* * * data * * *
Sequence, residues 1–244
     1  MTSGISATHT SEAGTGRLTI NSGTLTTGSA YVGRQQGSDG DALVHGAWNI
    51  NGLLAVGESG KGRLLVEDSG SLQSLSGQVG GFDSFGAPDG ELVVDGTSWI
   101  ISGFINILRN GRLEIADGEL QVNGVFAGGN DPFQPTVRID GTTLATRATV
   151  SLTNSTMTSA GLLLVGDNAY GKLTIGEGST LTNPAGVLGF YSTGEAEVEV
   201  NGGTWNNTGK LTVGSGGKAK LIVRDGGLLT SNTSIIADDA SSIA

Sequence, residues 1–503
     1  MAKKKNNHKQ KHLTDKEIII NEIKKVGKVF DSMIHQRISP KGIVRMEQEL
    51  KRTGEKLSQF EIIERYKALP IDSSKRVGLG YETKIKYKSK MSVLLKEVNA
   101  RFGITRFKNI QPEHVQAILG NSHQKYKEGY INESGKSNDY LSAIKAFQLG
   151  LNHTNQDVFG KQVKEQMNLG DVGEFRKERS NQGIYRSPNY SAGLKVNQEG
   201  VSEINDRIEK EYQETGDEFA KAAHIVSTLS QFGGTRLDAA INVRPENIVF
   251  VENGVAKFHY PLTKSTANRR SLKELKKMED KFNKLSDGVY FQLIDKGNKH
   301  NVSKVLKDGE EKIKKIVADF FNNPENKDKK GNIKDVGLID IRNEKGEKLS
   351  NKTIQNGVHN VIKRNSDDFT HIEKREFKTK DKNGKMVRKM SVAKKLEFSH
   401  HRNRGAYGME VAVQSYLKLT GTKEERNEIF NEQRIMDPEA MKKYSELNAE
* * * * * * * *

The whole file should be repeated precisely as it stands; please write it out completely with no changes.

Sequence, residues 1–244
     1  MTSGISATHT SEAGTGRLTI NSGTLTTGSA YVGRQQGSDG DALVHGAWNI
    51  NGLLAVGESG KGRLLVEDSG SLQSLSGQVG GFDSFGAPDG ELVVDGTSWI
   101  ISGFINILRN GRLEIADGEL QVNGVFAGGN DPFQPTVRID GTTLATRATV
   151  SLTNSTMTSA GLLLVGDNAY GKLTIGEGST LTNPAGVLGF YSTGEAEVEV
   201  NGGTWNNTGK LTVGSGGKAK LIVRDGGLLT SNTSIIADDA SSIA

Sequence, residues 1–503
     1  MAKKKNNHKQ KHLTDKEIII NEIKKVGKVF DSMIHQRISP KGIVRMEQEL
    51  KRTGEKLSQF EIIERYKALP IDSSKRVGLG YETKIKYKSK MSVLLKEVNA
   101  RFGITRFKNI QPEHVQAILG NSHQKYKEGY INESGKSNDY LSAIKAFQLG
   151  LNHTNQDVFG KQVKEQMNLG DVGEFRKERS NQGIYRSPNY SAGLKVNQEG
   201  VSEINDRIEK EYQETGDEFA KAAHIVSTLS QFGGTRLDAA INVRPENIVF
   251  VENGVAKFHY PLTKSTANRR SLKELKKMED KFNKLSDGVY FQLIDKGNKH
   301  NVSKVLKDGE EKIKKIVADF FNNPENKDKK GNIKDVGLID IRNEKGEKLS
   351  NKTIQNGVHN VIKRNSDDFT HIEKREFKTK DKNGKMVRKM SVAKKLEFSH
   401  HRNRGAYGME VAVQSYLKLT GTKEERNEIF NEQRIMDPEA MKKYSELNAE